By Rain Francis of Dance Informa.
“Teaching is touching lives forever,” says Jacqui Dumont.
“We should always be mindful of how we touch our students’ lives – and give them knowledge, guidance and confidence, not only to reach their best potential but to feel good about themselves.” A former professional dancer with the Royal New Zealand Ballet, Ms. Dumont is now a highly qualified and respected freelance dance teacher with over 30 years experience.
It’s clear that she loves her work, and that passion is an obvious driver; Dumont’s curriculum vitae to date is staggering. She has held posts as the Principal of The Royal Ballet School’s Outreach Programme, as an Examiner for the Royal Academy of Dance, and as Executive Officer of The Australian Ballet School’s Teacher Training Programme for Professional Dancers and Practicing Teachers. That’s to name just a few.
At the time we spoke, Dumont had just returned from a dance teachers’ conference held by the IDTC in London, and was preparing to work on The McDonald College’s upcoming International Summer School. She is Director of the hugely popular summer dance programme, held annually each January in Sydney and open to students from age seven to professional level.
“There are many aspects which make the International Summer School so successful,” she says. “We have a wonderful international faculty of teachers, nine studios for classes and limited class sizes, so all get the very best opportunity. It is a very happy Summer School [that] creates an atmosphere of non-competitiveness and allows the students to work and experience and gain from other teachers.”
The stellar line-up of tutors is a major drawcard for aspiring ballet dancers. 2015’s faculty includes: Jay Jolley, former Principal with The Royal Ballet and Assistant Director of The Royal Ballet School London; Jane Devine, formerly with The Royal Ballet, English National Ballet and The Royal Ballet School; Steve Rooks, former Principal with the Martha Graham Dance Company; and Paul Boyd, former Principal of Deutsche Oper am Rheim, Basel Ballet and Queensland Ballet; among many other big international names.
“For me, it’s such a delight to see such smiling, happy faces enjoying all their classes and the opportunities which the International Summer School offers,” says Dumont. It’s what she loves most about her job, and what motivates her to strive ever higher; seeing students “feel inspired to reach for their goals, be relaxed and confident, along with developing their highest possible level of competency, confidence, artistry and musicality.”
Having the wisdom of such a high calibre of tutors available to our next generation of dancers is certainly something to smile about. Dumont notes how lucky students in Australia are today, and makes a special mention of other directors and administrators working hard to create a wealth of national and international opportunities across all styles of dance. She gives credit, also, to the students themselves, with their raw determination and ability to test themselves competitively in pursuit of their dreams.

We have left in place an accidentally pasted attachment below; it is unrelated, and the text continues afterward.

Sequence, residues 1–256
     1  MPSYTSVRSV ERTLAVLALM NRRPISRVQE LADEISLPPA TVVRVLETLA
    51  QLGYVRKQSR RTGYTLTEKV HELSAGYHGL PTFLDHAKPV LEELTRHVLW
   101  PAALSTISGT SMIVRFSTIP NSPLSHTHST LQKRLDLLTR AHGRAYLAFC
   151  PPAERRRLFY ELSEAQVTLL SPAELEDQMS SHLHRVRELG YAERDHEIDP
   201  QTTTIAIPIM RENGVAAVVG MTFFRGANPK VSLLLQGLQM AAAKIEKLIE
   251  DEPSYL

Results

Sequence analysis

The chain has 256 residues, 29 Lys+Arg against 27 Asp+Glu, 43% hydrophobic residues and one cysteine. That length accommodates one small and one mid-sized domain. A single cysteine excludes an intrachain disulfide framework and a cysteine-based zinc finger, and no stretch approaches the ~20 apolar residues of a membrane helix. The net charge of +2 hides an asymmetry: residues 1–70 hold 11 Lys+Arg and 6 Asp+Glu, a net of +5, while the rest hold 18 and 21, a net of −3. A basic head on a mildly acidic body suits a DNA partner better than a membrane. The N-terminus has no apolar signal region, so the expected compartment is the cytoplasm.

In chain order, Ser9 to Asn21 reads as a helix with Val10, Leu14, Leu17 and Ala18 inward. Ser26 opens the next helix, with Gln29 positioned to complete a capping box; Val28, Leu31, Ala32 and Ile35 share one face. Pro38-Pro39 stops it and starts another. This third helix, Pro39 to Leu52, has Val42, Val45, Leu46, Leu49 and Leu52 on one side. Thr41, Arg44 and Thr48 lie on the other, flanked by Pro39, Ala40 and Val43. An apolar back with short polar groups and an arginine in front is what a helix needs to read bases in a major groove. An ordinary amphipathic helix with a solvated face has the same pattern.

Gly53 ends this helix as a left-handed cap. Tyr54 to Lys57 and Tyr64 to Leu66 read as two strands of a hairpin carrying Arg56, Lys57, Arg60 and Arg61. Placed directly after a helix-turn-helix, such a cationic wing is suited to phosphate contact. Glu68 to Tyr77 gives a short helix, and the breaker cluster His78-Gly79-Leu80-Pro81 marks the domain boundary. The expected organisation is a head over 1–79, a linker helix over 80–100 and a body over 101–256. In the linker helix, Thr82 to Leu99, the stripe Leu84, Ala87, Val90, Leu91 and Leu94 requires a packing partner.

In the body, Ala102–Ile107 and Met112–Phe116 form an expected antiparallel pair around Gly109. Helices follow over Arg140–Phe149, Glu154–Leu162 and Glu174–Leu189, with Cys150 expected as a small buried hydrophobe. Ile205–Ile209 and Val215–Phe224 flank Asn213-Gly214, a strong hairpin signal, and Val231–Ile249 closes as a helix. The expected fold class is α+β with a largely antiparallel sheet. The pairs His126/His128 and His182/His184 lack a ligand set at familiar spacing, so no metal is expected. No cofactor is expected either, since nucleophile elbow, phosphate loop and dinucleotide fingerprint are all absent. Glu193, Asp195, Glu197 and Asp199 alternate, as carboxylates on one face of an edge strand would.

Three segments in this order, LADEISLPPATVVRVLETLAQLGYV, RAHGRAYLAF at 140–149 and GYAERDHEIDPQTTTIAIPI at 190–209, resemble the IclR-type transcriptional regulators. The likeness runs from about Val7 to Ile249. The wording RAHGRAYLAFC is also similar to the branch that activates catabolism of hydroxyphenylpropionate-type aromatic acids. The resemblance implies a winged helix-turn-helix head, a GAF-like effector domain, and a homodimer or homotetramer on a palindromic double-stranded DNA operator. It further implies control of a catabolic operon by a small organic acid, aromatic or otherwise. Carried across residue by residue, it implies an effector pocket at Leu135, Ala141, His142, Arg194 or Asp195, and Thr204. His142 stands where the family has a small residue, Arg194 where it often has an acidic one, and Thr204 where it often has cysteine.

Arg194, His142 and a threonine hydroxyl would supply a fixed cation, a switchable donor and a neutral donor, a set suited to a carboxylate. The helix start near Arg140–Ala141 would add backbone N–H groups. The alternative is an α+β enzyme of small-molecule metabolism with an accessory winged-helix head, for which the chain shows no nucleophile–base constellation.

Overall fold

“With the wonderful teaching in general,” she says, “[Australian students] are getting the very best possible training they could have.”
As a young student herself, at just 15 years old, Dumont was invited to join the New Zealand Ballet Company (now the Royal New Zealand Ballet). She cites it as a “wonderful opportunity” and an achievement she is particularly proud of. She danced many soloist roles in the company’s repertoire before embarking on what would become a hugely illustrious teaching career, beginning with directing The Dunedin School of Ballet.
In 1983 she formed her own company, Dance Co-ordinates, creating performance opportunities for young dancers. Two years later, Dumont was awarded a Queen Elizabeth II Arts Council Bursary to study dance training.
Appointed an RAD Examiner in 1981, Dumont has travelled the globe, tutoring students as well as teachers. “I have always felt privileged to be invited to teach in other cities and countries,” she says. “My many years of examining for the RAD allowed me to travel the world, meeting teachers and students from many countries. It was a privilege to see all the hard work and dedication they were inspiring their students with.”
It is clear how devoted Ms. Dumont is to her students, and how much authenticity she brings to her work. Her bright, positive energy is infectious, even via a telephone interview, and it’s easy to see why she has had such a prolific career so far. And with many of her past students gaining contracts and developing successful careers in the industry, she is justifiably proud.
“It’s very rewarding – and a gift – to see students develop and mature to a level that they are recognised for their ability as a dancer,” she says. “One is always so proud you have touched their lives, even in a small way… to know that they are living their dream in life. To see sincere, smiling faces always makes me feel teaching is very rewarding.”
For more information about Jacqui Dumont and the International Summer School visit www.mcdonald.nsw.edu.au/index.php/other-programs/iss